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Short review – thinking about it, this is really a film that deserves to be seen fresh. I’ll admit, I wasn’t entirely sold on it leaving the cinema, but I’ve warmed to it since then. I find I can’t really talk about it without throwing out spoilers, which is a shame, because there’s a lot of meat to this film. It’s not as coherent as I’d have liked, but Tarantino’s throwing out a lot of ideas here. Not his best film, but one of his most interesting. Christoph Waltz is especially good as the main villain, and it’s worth checking out just for his performance.

Spoilers for the Nazi killin' buisness )

Death Proof

Nov. 5th, 2007 09:36 pm
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I’m thinking there’s a lot of people who came out of the cinema wondering why Tarantino’s new movie was so shoddily edited and done on such cheap film.

See, I can understand that Grindhouse didn’t do too well in the States. I can understand that cinemas were unwilling to show a longer-than-average film that really didn’t have mainstream appeal, especially when Tarantino’s contribution is a full length movie on its own. But you need to say that the film you’re showing was originally part two of a double feature; that its entire artistic goal is to recreate the b-movie experience – because otherwise you’re confusing the hell out of an audience expecting a regular action movie.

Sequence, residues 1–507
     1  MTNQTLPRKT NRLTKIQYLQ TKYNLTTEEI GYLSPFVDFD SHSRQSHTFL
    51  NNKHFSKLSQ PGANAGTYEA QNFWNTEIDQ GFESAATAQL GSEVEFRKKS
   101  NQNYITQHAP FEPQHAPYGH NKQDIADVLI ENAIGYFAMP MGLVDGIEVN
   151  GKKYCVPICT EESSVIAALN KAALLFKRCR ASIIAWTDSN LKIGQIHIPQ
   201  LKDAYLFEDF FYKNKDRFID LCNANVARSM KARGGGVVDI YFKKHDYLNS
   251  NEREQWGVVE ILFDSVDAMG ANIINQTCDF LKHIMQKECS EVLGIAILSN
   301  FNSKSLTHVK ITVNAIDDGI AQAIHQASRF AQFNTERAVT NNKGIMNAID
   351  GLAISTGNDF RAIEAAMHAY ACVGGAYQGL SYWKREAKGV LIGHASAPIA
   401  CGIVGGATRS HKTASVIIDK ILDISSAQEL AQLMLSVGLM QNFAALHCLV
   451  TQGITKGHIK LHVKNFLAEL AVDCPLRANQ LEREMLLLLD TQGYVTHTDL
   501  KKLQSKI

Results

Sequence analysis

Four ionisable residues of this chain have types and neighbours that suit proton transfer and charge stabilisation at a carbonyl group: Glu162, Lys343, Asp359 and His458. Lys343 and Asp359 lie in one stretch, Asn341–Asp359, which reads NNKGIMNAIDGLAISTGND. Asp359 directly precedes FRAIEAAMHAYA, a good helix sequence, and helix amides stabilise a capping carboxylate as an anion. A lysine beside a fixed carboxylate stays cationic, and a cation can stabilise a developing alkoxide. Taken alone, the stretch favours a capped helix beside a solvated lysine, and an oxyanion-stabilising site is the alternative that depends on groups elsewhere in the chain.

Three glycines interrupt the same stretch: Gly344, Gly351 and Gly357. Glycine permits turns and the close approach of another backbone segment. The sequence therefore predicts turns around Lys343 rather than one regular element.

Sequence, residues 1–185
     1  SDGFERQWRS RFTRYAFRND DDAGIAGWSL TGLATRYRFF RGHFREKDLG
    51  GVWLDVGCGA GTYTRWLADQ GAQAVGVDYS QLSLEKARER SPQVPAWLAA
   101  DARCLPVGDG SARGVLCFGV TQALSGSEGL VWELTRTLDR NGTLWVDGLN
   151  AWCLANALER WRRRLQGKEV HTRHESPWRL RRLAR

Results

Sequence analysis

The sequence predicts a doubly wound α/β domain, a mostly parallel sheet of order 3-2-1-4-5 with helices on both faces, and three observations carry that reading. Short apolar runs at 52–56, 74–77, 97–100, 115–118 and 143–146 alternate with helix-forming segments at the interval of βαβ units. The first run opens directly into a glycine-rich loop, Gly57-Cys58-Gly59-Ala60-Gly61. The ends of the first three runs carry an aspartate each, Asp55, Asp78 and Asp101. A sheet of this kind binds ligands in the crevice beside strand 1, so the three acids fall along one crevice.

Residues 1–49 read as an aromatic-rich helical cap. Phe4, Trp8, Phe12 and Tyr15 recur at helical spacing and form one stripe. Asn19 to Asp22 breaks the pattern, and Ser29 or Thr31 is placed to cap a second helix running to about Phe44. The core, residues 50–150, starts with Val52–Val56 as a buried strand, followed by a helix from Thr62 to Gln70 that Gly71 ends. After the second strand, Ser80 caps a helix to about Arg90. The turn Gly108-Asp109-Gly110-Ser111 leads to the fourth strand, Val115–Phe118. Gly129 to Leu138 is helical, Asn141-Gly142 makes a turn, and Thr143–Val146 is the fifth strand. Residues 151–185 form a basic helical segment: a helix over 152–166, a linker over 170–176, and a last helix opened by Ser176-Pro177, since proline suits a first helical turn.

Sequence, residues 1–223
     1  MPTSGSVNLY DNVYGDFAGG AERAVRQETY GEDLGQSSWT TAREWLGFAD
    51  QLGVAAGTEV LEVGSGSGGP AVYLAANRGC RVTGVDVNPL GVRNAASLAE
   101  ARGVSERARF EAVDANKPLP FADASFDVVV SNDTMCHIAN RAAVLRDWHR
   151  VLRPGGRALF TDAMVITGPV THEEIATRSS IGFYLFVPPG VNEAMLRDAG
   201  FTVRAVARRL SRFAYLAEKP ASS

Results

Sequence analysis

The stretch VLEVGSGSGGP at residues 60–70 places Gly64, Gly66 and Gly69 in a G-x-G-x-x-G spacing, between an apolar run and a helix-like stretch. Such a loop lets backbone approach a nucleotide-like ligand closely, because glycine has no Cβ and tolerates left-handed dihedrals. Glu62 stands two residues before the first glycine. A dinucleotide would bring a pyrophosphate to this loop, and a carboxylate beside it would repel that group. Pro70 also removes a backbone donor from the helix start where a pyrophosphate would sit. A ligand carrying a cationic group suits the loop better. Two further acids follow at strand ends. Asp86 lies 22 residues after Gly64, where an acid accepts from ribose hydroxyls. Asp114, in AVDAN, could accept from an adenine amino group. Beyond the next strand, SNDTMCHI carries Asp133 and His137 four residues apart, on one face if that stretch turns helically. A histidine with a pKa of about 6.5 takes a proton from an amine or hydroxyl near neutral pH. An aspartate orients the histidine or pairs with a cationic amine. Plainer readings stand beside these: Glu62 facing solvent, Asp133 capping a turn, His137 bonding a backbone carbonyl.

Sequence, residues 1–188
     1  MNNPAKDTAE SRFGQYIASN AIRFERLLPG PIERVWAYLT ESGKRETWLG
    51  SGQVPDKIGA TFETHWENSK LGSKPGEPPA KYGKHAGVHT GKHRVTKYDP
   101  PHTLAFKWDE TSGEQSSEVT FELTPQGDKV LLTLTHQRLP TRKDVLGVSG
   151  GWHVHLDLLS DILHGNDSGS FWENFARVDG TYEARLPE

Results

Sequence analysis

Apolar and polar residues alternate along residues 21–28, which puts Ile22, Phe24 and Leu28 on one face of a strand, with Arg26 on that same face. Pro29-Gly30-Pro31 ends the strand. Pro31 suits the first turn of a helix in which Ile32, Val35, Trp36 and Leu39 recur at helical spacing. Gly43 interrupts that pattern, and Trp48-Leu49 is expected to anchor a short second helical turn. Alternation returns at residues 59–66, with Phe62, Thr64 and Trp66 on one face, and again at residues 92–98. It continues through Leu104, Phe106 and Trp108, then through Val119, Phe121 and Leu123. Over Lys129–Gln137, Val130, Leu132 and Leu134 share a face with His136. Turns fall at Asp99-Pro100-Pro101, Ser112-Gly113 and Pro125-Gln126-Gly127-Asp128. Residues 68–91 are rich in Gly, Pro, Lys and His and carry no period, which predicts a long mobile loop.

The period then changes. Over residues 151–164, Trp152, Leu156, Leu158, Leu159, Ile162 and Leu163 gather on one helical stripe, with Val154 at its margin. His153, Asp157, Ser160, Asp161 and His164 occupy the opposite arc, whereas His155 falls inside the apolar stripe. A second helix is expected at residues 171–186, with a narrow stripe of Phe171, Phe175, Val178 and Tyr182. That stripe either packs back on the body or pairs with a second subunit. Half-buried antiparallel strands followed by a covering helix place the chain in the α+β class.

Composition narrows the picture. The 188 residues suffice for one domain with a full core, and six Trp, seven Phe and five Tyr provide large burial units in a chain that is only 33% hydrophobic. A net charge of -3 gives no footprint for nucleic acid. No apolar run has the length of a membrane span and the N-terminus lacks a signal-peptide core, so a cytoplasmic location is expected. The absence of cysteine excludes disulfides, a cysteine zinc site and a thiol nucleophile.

Fortunately, I was aware of Death Proof’s history, so I enjoyed the hell out of it! Tarantino’s managed to perfectly recreate the b-movie aesthetic without falling into parody. Oddly, the film isn’t set in the seventies – characters have mobile phones, text message each other. It jarred me somewhat the first time, but I think on the whole it works quite nicely. This isn’t meant to be a classic b-movie – it’s a brand new b-movie, an artefact from a parallel world where grindhouses are still profitable.

The b-movie and Tarantino go together perfectly – and not just because of his clear affection for the genre. One of the things that really weakens most real b-movies is how slow paced they are. Partially, this is because seventies movies tend to be rather slow paced anyway – but also, there’s the fact that a b-movie producer can’t afford to fill the film with non-stop action, so there’s plenty of often quite dull filler. If you want to create a b-movie that feels like a b-movie, you have to make it feel like it’s been padded out, but nobody wants to watch padding. Solution? Death Proof fills out the film with long conversations that don’t really go anywhere – it’s still padding, but hey! It’s Tarantino dialogue! (Personal favourite – the bit about how you never call a New Zealander an Aussie. The shocked silence is perfect!)

I also liked the shoe-string budget feel the plot has. I can see some exploitation film-maker getting hold of a stunt car left over from another production and having a flash of insight – why not make a movie about a movie prop?! Brilliant!

Hopefully Death Proof will do well enough that an international release of Grindhouse will happen – though I doubt it will. Perhaps if the advertising had made even the slightest effort to explain the idea behind the movie – that it’s a twenty-first century b-movie – it would have a chance, but right now it’s going to confuse more people than it entertains. A shame, really. As I said, I loved the hell out of it.

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David Newgreen

June 2017

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